915 Process surveillance in ICU to increase adherence of staffs' infection prevention behavior

Sunday, March 21, 2010
Grand Hall (Hyatt Regency Atlanta)
Yoko Tsukamoto , Health Sciences of University of Hokkaido, Tobetsu, Japan
Masami Haseyama , Health Sciences of University of Hokkaido, Tobetsu, Japan
Background: Preventing health care associated infections (HAIs) is critical to reduce morbidity and mortality for ICU patients. According to the Japanese Nosocomial Infection Surveillance (JANIS) data in 2006, a HAI rate was 7.5% and the mortality rate for patients with HAIs was significantly higher than those without HAIs at ICU. Although many issues of infection control can be countered by technology (gloves, sharps covers, air exchanges), none of these aids work without constant vigilance on the part of healthcare workers. Therefore, in this study monitoring in ICU staffs’ infection prevention behavior was to identify which part of infection prevention measures were challenged to actually perform.

Objective: Process surveillance was performed in ICU to identify the staffs’ infection prevention behavior.

Methods: Infection prevention behavior of health care workers was observed in ICU at a university hospital in Japan for 5 days. Observed behavior was as followed: hand hygiene practice and use of Personal Protective Equipment (PPE) at contacting body substances such as blood, respiratory suction, and preparing and starting IVs.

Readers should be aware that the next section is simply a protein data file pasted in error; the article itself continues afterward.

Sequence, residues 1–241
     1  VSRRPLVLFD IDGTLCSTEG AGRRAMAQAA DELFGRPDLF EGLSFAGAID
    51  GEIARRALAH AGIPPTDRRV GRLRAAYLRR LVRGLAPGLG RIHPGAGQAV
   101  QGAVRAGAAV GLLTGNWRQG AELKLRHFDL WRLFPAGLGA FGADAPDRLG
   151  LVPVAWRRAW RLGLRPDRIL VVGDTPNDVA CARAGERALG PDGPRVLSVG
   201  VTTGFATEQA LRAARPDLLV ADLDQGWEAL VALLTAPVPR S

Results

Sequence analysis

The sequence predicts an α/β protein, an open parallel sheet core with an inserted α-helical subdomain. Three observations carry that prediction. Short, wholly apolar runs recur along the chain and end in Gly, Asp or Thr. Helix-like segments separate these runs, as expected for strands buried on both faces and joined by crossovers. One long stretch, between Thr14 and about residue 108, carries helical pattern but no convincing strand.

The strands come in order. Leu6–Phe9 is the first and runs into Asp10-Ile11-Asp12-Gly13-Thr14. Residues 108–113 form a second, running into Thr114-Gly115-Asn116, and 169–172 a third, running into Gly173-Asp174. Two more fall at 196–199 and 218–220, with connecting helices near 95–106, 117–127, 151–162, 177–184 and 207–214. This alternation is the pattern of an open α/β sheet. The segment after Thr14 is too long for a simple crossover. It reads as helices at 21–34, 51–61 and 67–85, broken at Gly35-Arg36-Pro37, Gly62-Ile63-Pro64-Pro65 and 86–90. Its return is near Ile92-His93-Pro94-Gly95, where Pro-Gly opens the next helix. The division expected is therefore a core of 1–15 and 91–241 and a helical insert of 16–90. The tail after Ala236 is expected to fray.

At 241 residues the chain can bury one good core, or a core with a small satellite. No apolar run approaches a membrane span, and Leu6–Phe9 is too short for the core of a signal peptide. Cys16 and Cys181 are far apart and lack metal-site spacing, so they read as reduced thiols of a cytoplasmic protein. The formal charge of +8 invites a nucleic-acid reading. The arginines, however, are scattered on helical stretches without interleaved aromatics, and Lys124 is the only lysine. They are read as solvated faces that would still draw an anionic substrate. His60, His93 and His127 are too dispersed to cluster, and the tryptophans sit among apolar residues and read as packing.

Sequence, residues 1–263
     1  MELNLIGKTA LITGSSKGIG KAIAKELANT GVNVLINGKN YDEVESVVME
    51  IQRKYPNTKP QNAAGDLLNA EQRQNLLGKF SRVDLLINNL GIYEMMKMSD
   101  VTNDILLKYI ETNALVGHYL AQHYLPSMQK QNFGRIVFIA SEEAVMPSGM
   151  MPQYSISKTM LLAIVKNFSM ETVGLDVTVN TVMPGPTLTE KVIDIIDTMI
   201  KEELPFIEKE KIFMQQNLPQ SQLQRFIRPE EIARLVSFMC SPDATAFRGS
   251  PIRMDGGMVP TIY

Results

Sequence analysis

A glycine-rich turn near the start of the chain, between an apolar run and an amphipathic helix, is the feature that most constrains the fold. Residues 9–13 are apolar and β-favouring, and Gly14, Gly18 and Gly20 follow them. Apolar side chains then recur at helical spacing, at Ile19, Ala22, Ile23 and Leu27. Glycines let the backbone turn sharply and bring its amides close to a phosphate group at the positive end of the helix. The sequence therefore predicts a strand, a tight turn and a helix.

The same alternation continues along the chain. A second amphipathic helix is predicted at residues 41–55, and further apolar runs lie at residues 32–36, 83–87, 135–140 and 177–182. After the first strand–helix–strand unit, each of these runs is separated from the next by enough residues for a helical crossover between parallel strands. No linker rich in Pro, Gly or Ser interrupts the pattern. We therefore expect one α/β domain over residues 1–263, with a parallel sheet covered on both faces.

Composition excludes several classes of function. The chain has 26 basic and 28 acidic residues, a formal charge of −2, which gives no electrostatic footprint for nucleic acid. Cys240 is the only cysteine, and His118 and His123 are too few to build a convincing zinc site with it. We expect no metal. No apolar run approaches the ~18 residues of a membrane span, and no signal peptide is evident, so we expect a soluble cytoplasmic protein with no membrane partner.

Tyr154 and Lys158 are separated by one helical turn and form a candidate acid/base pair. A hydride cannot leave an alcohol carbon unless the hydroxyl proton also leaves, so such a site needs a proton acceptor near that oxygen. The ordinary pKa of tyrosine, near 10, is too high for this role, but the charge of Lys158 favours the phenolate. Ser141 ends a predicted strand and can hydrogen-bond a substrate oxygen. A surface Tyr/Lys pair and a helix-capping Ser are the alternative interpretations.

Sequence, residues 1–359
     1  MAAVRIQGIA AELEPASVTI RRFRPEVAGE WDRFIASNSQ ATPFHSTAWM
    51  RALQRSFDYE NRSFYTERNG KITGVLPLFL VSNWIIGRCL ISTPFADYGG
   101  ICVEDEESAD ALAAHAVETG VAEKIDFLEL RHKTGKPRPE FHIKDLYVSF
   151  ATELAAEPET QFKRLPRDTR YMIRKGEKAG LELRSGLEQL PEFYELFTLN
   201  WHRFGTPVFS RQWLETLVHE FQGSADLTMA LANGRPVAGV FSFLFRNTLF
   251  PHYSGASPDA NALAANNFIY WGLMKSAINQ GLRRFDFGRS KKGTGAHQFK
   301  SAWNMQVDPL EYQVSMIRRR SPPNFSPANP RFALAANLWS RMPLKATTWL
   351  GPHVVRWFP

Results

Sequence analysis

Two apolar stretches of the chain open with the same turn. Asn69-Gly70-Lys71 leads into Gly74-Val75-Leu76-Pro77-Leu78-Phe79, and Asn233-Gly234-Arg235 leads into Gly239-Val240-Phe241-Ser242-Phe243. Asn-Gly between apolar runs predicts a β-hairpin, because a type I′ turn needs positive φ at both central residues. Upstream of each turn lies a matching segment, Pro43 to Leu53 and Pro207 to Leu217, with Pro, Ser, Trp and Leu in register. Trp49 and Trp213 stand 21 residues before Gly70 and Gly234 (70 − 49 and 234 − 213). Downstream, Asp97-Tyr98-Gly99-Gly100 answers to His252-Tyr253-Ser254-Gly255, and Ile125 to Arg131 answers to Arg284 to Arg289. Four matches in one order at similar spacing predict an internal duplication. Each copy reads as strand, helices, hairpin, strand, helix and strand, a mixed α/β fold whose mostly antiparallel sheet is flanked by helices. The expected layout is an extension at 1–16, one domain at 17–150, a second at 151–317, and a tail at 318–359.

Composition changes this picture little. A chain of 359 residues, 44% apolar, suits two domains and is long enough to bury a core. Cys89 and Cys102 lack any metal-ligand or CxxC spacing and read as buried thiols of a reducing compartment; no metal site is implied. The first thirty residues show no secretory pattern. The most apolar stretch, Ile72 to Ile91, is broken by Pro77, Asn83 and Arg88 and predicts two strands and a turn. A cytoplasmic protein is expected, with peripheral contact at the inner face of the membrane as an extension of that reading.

Results: 1) Hand hygiene practice: Total of 222 events was observed. Before care, adherence rate of hand hygiene was 50.9% and after care it was 41.9%. This was statistically significant (P< 0.05). Fig. 1 showed the difference of hand hygiene adherence by infection prevention behavior. 2) Respiratory suction: Twenty seven events were observed and wearing goggles or face shields did not take place at all, whereas rate of wearing gloves were 92.6%. 3) Wearing gloves: When suctioning, the adherence rate of wearing gloves was 92.6%, drawing blood and IV administration was 79.3%, and handling body substances was 67.7%.

Conclusions: Conducting the process surveillance on infection prevention behavior of ICU staffs was very helpful to identify what are real issues at ICU. Results showed the adherence rate of hand hygiene after the care, wearing goggles or face shields at respiratory suction, and wearing gloves at handling body substances were low. The result of this study was provided to the staffs. Because of the busy environment at ICU, the focused educational interventions should be provided and it seemed to be effective. We will continue to develop an action research based on this result in the future.